"There wasn’t any double-contracting," he again emphasized. "Marty Kummer, who was the agent for the job, was booking places and he would get the contracts and he would issue us our contracts for what we wanted and for what we were supposed to get. What he was doing with his promoter or with his places as a booker was his business. It was as straight and as clean and as honest as any deal there is in the business. There was never any funny goings on or playing around. Helen started thinking she wasn’t getting as much as she should get. She started creating a problem, started creating talk, started creating questions and it just got to the point that after everything I had done, I wouldn’t put up with it anymore."

Loeb remained with the act through the replacement of Rose Marie by the indomitable Martha Raye.

"I was still with the group when Martha came into the show," he remembered. "I remember Nick Condos always being in everybody’s nose. He was Martha’s husband, who acted as her manager also."

Soon thereafter Loeb settled his differences with the 4 Girls 4 and moved on. After the rift with the "girls," however, he retired from show business for twenty years. Today, he said, he’s become involved with a motion picture production company, his first foray into entertainment since he left 4 Girls 4 in the early 1980s.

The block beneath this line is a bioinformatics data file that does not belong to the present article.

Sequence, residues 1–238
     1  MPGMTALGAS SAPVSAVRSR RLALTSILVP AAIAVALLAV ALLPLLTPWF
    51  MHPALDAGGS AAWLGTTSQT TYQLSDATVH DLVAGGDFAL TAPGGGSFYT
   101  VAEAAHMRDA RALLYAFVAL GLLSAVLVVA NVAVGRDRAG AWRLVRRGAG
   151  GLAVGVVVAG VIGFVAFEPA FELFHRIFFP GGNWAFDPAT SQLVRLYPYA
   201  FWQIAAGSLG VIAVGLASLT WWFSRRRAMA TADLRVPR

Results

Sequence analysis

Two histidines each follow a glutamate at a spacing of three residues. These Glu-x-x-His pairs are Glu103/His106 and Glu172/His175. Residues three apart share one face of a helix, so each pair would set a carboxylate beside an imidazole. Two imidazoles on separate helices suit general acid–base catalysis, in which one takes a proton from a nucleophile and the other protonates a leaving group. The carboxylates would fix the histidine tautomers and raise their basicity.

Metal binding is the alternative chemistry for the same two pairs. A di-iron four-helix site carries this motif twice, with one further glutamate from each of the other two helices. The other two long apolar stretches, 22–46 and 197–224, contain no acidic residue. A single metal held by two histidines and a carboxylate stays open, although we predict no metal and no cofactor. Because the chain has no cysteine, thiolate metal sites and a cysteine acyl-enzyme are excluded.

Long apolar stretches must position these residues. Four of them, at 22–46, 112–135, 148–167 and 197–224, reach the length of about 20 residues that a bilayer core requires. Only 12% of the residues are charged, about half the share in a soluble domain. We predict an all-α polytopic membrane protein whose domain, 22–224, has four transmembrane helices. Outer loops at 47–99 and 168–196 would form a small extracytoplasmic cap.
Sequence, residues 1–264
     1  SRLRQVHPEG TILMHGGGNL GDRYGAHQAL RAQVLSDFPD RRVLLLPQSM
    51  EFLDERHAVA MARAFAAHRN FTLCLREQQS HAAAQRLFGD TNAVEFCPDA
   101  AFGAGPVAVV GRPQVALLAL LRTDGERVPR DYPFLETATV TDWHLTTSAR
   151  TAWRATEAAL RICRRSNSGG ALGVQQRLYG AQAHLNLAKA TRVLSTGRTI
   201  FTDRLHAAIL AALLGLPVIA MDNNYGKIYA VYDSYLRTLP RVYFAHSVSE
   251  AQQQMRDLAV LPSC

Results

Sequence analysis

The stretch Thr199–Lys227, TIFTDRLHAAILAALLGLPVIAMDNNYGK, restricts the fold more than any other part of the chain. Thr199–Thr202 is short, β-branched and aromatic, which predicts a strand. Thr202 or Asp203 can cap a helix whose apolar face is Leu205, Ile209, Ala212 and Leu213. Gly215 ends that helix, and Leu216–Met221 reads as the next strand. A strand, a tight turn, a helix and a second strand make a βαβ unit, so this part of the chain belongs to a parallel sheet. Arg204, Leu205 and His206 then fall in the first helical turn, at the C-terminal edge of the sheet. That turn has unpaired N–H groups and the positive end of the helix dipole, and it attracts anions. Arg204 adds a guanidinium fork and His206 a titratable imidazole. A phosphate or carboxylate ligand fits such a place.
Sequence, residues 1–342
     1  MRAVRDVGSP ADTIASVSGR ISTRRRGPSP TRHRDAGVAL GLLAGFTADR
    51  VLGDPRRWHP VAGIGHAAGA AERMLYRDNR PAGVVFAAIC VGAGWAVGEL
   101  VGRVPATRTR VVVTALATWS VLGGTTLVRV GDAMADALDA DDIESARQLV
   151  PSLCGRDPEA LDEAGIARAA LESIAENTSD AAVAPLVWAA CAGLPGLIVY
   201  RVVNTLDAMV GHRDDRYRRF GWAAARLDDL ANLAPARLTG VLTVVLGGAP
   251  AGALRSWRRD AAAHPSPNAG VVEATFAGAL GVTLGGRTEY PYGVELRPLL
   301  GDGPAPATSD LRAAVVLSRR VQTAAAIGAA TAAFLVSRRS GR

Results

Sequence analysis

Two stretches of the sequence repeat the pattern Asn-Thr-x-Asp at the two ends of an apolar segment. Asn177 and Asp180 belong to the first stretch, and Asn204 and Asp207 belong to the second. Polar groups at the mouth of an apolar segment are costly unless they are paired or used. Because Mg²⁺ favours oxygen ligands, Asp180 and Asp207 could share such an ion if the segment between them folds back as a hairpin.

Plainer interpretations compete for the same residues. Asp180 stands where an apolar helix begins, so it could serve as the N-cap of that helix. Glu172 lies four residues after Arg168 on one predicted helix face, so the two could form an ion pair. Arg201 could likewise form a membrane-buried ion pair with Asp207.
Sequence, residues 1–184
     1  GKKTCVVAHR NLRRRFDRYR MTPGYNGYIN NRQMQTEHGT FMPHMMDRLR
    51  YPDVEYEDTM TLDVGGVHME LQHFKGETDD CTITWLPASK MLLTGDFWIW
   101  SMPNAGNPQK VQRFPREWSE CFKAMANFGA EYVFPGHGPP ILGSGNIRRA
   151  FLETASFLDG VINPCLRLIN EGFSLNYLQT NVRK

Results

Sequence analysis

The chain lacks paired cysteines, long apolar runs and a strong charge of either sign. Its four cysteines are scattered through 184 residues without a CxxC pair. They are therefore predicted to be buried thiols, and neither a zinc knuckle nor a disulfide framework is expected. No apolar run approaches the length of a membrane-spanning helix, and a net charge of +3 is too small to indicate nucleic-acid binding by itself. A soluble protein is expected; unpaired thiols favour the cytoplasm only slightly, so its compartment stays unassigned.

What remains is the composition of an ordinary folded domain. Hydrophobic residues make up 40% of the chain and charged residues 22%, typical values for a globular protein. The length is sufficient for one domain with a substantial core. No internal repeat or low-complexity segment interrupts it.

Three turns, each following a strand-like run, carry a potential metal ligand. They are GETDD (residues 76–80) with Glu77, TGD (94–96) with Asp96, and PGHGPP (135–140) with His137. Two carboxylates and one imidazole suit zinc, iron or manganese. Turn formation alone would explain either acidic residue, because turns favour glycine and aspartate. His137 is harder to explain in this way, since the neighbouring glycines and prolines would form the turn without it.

"I burned out in about 1982. I just couldn’t handle it anymore. I think the 4 Girls 4 was the little hair that broke the camel’s back... Helen threatened to sue, and she wanted to get the name 4 Girls 4 for herself and own it. She was no more entitled to it than anybody. I mean, she was great and we had fun and joked and kidded, but she was extremely difficult."

Sviridoff took over Rosemary’s career management, and Loeb stayed in touch with the singer for a few years, but eventually the two lost touch completely. Just weeks later, Whiting left the act.

"We did have problems. You can’t get four girls who are big stars and were doing a great act and not have problems," Whiting said. "But we got along and the great thing was our senses of humor. Rosie and I became very close on that tour. She said I was kind of like her sister Betty. We’d hang around a lot together."

In her book, Rosemary said she wept when Whiting left 4 Girls 4, even though she knew the two of them would team up for their own cabaret act in just a few weeks. The parting was difficult for Whiting, too. Today, when she talks about Rosemary, her voice occasionally cracks with emotion.

"Do you know what we did? We used to give each other an opening night gift," Whiting said. "We’d give each other records and pins or anything we saw at the shop. Rosemary once gave me a gorgeous soap dish that I’ve carried with me. And I see it..." here she pauses briefly, clearly teary-eyed at the memory, "...every day in my bathroom."

In her book, Margaret describes her parting thusly: "I gave my last performance in Latham, New York, in September 1981. Clooney cried. Martha said goodbye. Helen didn’t."

Still, she adds, just a half-page later, "To sum it up, my feelings about 4 Girls 4 – and about Bill Loeb – are that if a phone call came from any one of them, I’d be on the next plane."

Two years later, the call would come.